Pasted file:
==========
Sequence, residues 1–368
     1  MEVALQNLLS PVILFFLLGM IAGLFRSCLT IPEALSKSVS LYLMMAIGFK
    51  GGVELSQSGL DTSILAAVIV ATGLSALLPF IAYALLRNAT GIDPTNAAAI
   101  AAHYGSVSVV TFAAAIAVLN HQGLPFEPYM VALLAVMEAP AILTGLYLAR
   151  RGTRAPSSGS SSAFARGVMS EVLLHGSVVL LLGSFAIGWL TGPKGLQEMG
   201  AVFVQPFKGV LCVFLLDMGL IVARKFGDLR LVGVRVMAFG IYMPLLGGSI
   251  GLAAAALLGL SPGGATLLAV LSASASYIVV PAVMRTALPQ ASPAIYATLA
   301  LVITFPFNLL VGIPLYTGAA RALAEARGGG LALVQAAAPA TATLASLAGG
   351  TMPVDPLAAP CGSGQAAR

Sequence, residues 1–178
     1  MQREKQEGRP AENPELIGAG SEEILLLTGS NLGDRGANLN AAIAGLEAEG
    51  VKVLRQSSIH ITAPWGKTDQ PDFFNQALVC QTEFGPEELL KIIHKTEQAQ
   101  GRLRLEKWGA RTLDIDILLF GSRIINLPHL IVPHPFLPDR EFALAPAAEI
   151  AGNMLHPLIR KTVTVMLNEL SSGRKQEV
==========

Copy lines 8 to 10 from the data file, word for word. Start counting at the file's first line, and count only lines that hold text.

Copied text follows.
   301  LVITFPFNLL VGIPLYTGAA RALAEARGGG LALVQAAAPA TATLASLAGG
   351  TMPVDPLAAP CGSGQAAR

Sequence, residues 1–178